VG01049 Compost – Getting Started

This is the third in a series of five fact sheet developed for vegetable growers in 2003 – 2004.

These sheets will provide you with information about composting, compost products and how to best use them to suit your needs.

Getting Started :

To get the best out of compost, it needs to be used regularly as an integrated part of crop and soil management.

You need to be clear about what you want the compost to achieve and talk to suppliers about products and methods of using them that will most cost effectively meet your needs.

This factsheet includes a table to assist you match your required outcome with the suggested product type (in general terms) and method of application.

This exercise will go a long way in assisting your compost supplier match both your production goals and target benefits with the best product to achieve them.

Detailed advice on product specifications should be supplied by the compost producer.

Some suppliers will provide products at discounted rates to encourage commercial growers to try compost.


Kevin Wilkinson

Dean Harapas

Emily Tee

Bruce Tomkins

Robert Premier

VG01049 Compost Factsheet #3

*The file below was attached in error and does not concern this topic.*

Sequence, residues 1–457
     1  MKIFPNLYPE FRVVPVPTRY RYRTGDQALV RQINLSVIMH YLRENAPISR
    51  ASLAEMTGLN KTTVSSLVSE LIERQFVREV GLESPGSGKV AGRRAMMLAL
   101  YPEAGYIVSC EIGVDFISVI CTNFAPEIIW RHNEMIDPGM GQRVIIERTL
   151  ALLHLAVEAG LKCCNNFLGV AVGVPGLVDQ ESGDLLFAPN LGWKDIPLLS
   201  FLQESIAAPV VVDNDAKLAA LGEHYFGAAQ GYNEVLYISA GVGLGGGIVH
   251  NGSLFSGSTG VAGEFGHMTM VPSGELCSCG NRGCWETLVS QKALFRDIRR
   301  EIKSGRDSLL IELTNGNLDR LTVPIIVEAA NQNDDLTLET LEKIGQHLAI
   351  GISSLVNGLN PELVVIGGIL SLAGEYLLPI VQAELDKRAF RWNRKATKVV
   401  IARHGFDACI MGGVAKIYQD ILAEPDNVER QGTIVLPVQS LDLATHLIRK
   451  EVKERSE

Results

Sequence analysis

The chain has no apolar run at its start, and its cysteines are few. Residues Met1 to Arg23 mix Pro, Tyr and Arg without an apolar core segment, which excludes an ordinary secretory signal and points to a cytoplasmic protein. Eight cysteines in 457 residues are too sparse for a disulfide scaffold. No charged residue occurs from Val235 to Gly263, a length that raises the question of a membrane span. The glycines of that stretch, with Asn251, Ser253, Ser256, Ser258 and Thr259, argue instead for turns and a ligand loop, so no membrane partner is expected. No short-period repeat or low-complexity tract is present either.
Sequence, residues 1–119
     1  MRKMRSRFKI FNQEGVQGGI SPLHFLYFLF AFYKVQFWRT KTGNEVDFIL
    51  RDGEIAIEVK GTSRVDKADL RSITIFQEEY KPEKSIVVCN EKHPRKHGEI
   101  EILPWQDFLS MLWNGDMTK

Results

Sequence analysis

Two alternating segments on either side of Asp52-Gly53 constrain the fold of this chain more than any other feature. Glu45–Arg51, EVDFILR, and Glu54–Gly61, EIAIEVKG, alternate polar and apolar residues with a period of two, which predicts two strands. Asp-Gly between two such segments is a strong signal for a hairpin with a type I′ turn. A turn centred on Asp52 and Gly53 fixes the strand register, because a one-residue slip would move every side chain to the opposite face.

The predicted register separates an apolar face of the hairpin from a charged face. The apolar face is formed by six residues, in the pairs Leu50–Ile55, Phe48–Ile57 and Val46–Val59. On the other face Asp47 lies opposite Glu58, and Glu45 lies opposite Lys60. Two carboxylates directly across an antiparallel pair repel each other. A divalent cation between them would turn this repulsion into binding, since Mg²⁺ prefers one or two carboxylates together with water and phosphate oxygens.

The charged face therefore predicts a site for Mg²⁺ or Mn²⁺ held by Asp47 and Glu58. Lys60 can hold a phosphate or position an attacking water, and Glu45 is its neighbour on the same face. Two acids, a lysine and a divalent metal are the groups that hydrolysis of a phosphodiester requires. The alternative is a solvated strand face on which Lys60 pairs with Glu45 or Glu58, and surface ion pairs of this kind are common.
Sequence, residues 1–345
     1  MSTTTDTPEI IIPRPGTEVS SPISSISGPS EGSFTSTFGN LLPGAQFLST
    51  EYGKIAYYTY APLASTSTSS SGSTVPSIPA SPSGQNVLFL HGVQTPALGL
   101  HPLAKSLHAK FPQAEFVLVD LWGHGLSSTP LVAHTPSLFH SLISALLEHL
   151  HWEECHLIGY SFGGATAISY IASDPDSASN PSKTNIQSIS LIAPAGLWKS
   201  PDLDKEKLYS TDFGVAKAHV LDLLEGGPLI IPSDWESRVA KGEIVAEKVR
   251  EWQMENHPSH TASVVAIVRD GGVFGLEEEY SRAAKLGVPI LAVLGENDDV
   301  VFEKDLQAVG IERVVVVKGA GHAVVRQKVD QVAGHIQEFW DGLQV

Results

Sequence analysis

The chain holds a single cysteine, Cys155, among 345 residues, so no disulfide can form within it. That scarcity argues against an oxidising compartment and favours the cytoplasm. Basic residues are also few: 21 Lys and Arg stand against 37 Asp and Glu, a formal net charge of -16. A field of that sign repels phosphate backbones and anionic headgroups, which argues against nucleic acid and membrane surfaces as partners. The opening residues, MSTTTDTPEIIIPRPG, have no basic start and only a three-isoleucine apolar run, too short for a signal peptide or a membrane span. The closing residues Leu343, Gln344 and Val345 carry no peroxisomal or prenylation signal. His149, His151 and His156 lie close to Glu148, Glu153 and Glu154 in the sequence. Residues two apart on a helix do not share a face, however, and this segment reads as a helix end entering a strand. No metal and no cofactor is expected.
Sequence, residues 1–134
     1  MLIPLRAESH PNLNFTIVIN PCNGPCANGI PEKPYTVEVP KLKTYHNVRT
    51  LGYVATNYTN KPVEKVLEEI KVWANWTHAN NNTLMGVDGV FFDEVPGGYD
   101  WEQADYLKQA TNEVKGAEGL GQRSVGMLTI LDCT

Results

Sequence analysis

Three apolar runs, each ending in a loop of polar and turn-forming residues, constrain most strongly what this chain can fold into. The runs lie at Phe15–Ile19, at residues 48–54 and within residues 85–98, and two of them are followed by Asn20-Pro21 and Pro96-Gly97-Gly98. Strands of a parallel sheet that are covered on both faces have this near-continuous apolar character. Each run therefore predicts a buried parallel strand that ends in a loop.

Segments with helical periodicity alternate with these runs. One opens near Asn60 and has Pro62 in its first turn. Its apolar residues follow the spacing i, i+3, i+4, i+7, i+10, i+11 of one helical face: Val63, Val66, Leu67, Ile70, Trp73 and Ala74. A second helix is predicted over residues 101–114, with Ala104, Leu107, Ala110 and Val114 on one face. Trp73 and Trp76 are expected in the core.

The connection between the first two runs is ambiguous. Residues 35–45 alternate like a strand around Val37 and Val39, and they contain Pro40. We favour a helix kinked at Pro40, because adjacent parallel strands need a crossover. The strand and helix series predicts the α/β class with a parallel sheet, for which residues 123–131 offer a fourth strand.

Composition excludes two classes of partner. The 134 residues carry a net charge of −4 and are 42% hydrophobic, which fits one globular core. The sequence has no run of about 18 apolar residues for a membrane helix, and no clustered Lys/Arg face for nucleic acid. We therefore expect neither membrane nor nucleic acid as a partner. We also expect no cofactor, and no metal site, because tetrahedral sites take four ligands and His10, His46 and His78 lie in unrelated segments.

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Peter Franz, Department of Primary Industries (Victoria), Knoxfield, for providing statistical advice for the persistence of enteric bacteria on leafy vegetable trials.

Dr Graham Hepworth, from the Statistical Consulting Centre at The University of Melbourne, for experimental design assistance, analysing data and providing statistical advice with regards to the persistence of enteric bacteria in poultry litter trials.

Francha Horlock, Janet Tragenza (Department of Primary Industries (Victoria), Knoxfield) and Iphie Papapetrou (Box Hill Institute, Victoria) for providing technical advice and assistance.

Agnes Tan and Nela Subasinghe from The Microbiological Diagnostic Unit, Department of Microbiology and Immunology at The University of Melbourne for microbial diagnostic advice and services.

Dr Barry Macauley from the Department of Microbiology at Latrobe University provided valuable assistance in the interpretation of the experiments examining the reduction and persistence of enteric bacteria during aging of poultry litter.

This work was funded by: Horticulture Australia Pty Ltd, Department of Primary Industries (Victoria) and the Australian Vegetable Growers through the AUSVEG levy with voluntary contributions from: VegFed (NZ), CL & AK Warlan, Lightowler Fowl Manure Pty Ltd, TD & EC Ould Pty Ltd

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